This is a guest blog post by our Youth Services Manager, Farouqua Abuzeit.
- Picture Books have a rich vocabulary, and often include language that your child might not hear in everyday conversation. Reading to your child introduces new vocabulary in context.
- Reading a book together is an important moment of connection between a child and a caring grownup. Use your reading time to cuddle up close!
- Most brain development happens in the first five years of life. Reading to your child helps build a stronger brain.
- As your child interacts with books—turning the pages, watching you point to the words and pictures, seeing how (in English) we read from left to right—they learn how books physically work. This is a crucial first step in preparing them to read independently.
- Many Picture Book texts are rich in rhyme and rhythm. When children hear these books read aloud, they develop an awareness of sound patterns that will help them sound out words when they learn to read on their own.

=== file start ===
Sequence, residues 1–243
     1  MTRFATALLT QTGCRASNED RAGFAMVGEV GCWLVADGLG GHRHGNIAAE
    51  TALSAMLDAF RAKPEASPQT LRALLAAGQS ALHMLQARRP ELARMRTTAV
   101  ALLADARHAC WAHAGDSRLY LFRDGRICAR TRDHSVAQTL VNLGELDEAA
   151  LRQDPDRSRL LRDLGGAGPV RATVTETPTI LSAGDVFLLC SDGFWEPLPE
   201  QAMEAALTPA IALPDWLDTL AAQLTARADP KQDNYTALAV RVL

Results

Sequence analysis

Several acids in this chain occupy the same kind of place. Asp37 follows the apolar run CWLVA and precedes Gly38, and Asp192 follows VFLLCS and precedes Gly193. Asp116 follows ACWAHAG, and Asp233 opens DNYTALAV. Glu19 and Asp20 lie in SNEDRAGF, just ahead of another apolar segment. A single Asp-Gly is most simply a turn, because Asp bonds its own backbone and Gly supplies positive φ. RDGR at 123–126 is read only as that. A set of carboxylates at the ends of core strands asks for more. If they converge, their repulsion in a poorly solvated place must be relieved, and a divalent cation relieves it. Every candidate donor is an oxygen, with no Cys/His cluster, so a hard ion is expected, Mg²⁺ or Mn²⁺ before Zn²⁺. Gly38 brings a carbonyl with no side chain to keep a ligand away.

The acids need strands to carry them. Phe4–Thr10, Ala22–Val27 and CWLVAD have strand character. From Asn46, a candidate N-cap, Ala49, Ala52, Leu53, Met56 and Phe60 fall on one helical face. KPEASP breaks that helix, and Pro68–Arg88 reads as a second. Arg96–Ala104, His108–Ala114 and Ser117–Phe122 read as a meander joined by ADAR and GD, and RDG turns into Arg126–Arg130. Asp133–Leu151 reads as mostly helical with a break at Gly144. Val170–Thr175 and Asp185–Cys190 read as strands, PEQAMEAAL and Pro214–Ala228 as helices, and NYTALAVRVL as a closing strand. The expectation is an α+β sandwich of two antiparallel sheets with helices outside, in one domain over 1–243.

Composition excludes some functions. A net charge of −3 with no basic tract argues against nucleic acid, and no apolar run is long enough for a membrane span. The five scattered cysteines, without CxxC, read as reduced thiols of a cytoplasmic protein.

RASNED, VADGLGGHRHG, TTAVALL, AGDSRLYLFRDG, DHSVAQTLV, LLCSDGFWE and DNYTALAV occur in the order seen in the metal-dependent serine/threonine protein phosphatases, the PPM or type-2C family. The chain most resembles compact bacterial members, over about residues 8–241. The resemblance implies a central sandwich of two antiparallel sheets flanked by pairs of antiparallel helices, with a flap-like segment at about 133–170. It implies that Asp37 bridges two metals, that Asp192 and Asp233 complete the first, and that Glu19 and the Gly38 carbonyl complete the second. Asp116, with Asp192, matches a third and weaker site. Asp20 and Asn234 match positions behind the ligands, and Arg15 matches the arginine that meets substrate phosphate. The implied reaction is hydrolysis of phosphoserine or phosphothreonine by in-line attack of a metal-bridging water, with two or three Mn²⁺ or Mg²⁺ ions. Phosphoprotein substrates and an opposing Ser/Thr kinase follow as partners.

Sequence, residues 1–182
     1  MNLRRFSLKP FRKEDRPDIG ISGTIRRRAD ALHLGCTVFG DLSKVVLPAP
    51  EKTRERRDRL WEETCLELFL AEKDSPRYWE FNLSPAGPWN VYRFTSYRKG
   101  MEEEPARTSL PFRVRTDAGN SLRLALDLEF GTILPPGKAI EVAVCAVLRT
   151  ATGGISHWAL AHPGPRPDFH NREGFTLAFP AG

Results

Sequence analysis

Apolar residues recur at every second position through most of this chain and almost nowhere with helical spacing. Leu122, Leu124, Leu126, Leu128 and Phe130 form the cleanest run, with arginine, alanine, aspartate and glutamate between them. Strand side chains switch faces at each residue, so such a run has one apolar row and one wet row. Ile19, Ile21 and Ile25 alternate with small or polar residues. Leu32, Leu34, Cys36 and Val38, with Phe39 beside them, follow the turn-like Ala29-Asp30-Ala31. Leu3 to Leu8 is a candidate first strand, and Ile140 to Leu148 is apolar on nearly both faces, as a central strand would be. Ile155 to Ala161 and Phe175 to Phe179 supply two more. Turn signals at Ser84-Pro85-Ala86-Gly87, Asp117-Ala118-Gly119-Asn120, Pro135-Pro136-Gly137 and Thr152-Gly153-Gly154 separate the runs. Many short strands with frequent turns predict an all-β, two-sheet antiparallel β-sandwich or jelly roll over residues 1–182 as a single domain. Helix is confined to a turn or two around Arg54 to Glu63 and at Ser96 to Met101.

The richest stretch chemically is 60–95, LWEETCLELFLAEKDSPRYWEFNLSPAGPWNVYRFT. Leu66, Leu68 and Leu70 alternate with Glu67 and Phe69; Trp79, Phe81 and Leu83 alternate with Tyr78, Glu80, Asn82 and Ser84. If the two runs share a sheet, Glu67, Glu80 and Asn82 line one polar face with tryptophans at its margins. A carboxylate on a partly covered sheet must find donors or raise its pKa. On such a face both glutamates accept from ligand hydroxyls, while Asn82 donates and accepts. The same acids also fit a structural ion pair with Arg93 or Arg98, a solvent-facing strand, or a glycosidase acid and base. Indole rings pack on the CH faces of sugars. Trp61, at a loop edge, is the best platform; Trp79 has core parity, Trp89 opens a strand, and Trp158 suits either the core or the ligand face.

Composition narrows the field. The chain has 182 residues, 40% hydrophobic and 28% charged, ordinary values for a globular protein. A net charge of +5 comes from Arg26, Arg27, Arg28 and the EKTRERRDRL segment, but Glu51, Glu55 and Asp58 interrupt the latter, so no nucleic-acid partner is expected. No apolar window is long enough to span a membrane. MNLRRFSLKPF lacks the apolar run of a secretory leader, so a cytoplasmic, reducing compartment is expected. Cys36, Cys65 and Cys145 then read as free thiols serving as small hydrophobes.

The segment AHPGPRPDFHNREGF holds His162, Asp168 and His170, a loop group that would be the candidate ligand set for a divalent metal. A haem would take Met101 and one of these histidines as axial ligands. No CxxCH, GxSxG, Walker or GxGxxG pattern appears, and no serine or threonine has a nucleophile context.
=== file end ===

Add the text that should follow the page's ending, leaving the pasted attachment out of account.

- It’s never too early to develop visual literacy skills. As you and your child talk about what you see in books’ illustrations, your child learns to “read” the pictures, using books’ art to provide clues to the story.
- As you and your child enjoy reading together, your child will learn to love reading—a feeling that can last for life!
- Reading together builds an association between reading and comfort. When you read together often, even young children can start to use “reading” or looking at books as a form of self-soothing.